It’s not my least favorite song that I’ve written, because I do realize it’s a good song. I think every artist doesn’t like their big song. That’s just typical. But it’s still a good song. It’s just a little… If I heard it, would I save it? I don’t know. [Laughs] I wouldn’t be like, “Oh yes, this is a banger.” But also because it’s a relationship song, and those make me cringe. That’s why.
What made you want to cover Radiohead’s “Creep”?
Well, I am a creep and I am a weirdo. Obviously I could’ve picked a less popular Radiohead song, I love playing their songs on guitar. But it was more so because it’s “Creep” and everyone knows that song. I wanted it to feel familiar to people but put a new twist on it. What was interesting is that Radiohead themselves put out a remix of “Creep” a couple of weeks before I planned to put out mine, so I was like, “Oh, that’s a sign this is the right timing.”
What other artists did you gravitate to growing up?
I never had an idol or someone that I wanted to be like because there was nobody. That’s why I was like, “Ok, well I have to be that.” Only recently am I seeing people that I would look up to. Rico Nasty is really cool. Eartheater is insanely talented. I’m really into Caroline Polachek lately, her album is on repeat anytime I’m in the car. Alice Glass, always. A lot of badass females.
There’s been a huge emo revival in the past two years. How does it feel to be a part of it?
Embarrassing. Because pop-punk sucks. No, I’m just kidding. [Laughs] I love how it’s coming back and people are more comfortable expressing themselves. I can go to the mall and see a bunch of baby emos and it’s really cute. I am baby emo, but there’s even younger now, like 12- and 13-year-old emos.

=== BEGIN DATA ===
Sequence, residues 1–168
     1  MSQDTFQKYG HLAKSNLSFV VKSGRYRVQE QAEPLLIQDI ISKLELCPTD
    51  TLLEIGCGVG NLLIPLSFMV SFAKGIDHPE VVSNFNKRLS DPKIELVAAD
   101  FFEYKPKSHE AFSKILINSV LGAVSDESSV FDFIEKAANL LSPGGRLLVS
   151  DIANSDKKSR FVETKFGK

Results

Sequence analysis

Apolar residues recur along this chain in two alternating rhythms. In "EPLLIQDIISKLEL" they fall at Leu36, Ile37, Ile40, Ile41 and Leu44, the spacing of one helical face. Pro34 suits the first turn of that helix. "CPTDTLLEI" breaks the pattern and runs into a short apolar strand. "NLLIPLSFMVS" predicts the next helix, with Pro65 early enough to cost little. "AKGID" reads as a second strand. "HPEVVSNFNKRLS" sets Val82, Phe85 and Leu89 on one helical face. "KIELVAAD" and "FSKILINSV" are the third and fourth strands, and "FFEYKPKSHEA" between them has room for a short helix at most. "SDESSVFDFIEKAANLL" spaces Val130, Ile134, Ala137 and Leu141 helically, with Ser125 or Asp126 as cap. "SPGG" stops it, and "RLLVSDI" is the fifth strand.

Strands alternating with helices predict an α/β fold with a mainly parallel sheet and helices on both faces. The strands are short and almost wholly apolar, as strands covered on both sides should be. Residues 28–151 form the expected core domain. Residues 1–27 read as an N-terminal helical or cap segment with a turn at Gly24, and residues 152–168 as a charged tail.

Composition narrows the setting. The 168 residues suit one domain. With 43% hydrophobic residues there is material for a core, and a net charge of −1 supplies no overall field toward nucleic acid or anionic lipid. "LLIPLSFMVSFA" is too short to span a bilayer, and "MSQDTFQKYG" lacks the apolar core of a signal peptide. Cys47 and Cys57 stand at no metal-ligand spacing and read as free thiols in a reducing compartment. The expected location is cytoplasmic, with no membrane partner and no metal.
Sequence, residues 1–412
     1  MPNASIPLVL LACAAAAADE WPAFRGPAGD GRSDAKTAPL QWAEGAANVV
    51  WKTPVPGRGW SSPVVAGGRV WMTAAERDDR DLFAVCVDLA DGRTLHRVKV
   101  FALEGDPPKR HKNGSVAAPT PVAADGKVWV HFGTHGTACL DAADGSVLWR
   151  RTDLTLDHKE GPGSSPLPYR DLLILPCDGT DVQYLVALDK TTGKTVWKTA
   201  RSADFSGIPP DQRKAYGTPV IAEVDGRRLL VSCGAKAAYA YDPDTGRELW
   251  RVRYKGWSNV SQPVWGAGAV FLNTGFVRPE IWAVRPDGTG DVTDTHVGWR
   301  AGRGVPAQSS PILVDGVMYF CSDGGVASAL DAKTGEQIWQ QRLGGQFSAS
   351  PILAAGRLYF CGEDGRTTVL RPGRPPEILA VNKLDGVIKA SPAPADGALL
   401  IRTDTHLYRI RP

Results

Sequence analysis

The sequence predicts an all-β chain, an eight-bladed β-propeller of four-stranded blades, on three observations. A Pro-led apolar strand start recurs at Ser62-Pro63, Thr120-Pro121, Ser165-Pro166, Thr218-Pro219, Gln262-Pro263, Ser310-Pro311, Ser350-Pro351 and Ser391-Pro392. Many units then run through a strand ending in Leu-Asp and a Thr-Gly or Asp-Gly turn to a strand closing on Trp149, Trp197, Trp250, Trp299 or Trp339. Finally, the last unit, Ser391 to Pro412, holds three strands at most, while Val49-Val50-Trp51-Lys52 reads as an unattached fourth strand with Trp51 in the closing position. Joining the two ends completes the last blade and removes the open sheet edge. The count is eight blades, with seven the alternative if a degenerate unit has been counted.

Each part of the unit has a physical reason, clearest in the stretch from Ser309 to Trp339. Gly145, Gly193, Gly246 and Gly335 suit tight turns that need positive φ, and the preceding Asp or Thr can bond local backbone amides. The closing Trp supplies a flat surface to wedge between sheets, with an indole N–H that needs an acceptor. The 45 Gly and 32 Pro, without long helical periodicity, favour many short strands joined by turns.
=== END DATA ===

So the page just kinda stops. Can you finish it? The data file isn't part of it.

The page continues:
How was it opening for Machine Gun Kelly?
It’s been really fun. The crowds are huge and he puts on such a crazy show. Oh my God, the production is insane. And also, just the way he interacts with the crowd… He pulls a kid on every show and it’s so f—ing cute. This one little girl did this crazy rap and she was 8 or something. It was f—ing adorable.
Have you met Megan Fox?
I have. She’s so beautiful. It was kind of funny, because he was like, “This is my girlfriend Megan.” And I was just like, “Yeah of course.”
What’s next for you? Do you see yourself expanding sonically?
I wouldn’t say I have a genre because I go all over the place, but this EP is pretty cohesive. I think the next one will be different for sure. I wanna go a little harder, a little more screamo. But good. I definitely want to experiment, and now I have people around to do that. I want to put out random singles too. I may have a rap single, who knows? The world is my oyster.